District 621 needs more space

Mounds View Schools look to bond proposal

To prevent further crowding in hallways and classrooms — and extended use of temporary, sometimes portable space — Mounds View School District is looking to better match its facilities to its needs. In short, the district needs more elbow room. 

According to administrators, enrollment in the district is at its highest level in 15 years, exceeding 11,000 students last year. 

That number is only growing.   

A district newsletter noted that the number of residents within the school district is projected to grow, “increasing 18-29 percent in the next 10 years, with a large share of the projected increase occurring in the second five years.”

Much of that projected growth is in anticipation of the Rice Creek Commons development in Arden Hills, a project with a not-yet-set completion date, that is nonetheless on the minds of District 621 leaders. 

The development, at the former Twin Cities Army Ammunition Plant site, will essentially add three new neighborhoods to the school district. At 427 acres, the property is roughly the size of downtown St. Paul. 

Even without Rice Creek Commons on its hands, superintendent Chris Lennox noted that space is currently dwindling “at all schools” in the district. 

He announced in the May 16 newsletter that the district is working on a development proposal for growing its facilities, including cost estimates and a drawn-up timeline, that would allow for a bond referendum on this year’s Nov. 7 Election Day.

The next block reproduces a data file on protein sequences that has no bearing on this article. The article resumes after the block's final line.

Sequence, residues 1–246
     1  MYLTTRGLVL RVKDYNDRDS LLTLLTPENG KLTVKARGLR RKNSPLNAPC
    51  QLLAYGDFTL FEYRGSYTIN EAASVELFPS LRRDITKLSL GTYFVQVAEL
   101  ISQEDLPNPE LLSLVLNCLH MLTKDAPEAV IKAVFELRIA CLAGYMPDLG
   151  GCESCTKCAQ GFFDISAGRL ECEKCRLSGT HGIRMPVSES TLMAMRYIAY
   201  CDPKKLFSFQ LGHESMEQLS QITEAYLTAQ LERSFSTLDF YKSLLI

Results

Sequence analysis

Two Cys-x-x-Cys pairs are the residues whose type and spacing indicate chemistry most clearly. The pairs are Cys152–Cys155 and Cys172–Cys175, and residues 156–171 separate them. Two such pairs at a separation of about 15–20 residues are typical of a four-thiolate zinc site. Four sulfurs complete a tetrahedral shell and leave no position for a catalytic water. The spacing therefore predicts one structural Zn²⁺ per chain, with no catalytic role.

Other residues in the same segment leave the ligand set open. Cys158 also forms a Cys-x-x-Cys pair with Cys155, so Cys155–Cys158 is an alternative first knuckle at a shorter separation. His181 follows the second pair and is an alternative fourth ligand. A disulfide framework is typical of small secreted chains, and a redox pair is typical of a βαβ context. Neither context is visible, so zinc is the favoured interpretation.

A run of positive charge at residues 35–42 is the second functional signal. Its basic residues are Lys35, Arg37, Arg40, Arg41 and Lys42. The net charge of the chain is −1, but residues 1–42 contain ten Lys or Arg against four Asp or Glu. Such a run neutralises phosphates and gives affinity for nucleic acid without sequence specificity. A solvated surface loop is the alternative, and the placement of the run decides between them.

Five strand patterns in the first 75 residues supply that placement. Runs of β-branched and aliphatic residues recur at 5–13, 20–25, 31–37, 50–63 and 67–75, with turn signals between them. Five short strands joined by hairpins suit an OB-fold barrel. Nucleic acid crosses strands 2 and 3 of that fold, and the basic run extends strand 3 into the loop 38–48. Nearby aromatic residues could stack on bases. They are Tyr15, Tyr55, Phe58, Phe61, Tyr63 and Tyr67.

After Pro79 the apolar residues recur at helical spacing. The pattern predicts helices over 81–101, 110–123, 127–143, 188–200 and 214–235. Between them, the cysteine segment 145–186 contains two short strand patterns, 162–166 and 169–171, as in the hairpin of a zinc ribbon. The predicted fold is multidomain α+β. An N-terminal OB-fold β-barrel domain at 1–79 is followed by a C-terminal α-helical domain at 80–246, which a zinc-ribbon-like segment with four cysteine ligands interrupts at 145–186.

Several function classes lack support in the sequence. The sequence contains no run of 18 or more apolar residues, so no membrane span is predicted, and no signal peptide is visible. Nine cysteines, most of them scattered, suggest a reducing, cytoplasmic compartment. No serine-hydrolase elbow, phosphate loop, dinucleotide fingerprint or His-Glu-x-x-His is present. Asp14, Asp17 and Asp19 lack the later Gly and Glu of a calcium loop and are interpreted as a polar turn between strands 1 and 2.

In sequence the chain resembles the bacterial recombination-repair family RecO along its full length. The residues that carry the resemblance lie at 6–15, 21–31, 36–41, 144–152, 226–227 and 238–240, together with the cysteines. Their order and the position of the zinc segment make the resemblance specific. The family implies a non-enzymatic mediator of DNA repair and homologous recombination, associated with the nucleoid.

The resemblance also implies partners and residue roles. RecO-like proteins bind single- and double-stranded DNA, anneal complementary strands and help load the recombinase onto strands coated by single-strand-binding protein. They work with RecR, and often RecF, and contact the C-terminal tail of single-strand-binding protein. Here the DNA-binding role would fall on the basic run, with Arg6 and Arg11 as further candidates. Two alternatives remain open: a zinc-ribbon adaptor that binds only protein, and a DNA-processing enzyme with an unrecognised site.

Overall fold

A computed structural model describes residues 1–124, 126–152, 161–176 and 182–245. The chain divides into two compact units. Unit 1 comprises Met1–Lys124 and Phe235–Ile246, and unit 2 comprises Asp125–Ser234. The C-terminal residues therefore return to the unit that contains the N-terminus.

Lennox noted that “it would be the first facilities bond request in 18 years” for the district.

According to Lennox, District 621 is the tenth largest school district in the state and approximately 1,600 students are expected to join its schools within the next seven years. It’s a detail that knocks down a former demographer’s estimate that the district’s schools would be “right-sized for a decade,” Lennox said. 

“That reality has changed significantly,” he said, explaining that as of late, students often gather for small-group instruction in hallways, stairwells or lobbies because classrooms are full; that students also have limited access to flexible learning spaces to collaborate, brainstorm, design and create; and that cafeterias are packed with students at lunch.

“A quick tour of any school tells it all,” Lennox said. 

But Lennox, who became superintendent last year, said it isn’t only the space issue that needs to be addressed. 

“At the same time, our schools are showing their wear and tear,” he said. “The average age of school buildings is 57 years old, and the most recent additions occurred about 15 years ago.”

If the bond is successfully proposed by the School Board and then approved by area voters, Lennox explained it would “provide the funding necessary to add flexible classroom space to all schools.” It could also be used to address aging infrastructure and enhance safety, he added. 

Though just how much money would be required to address all the district’s needs — and how much of a property tax increase that would entail — has not yet been determined, Lennox said administrators will keep residents updated as more details on the bond proposal come to light.  

“These schools belong to our community,” Lennox said. “It’s up to us all to ensure they keep pace with space.”


Jesse Poole can be reached at jpoole@lillienews.com or at 651-748-7815.





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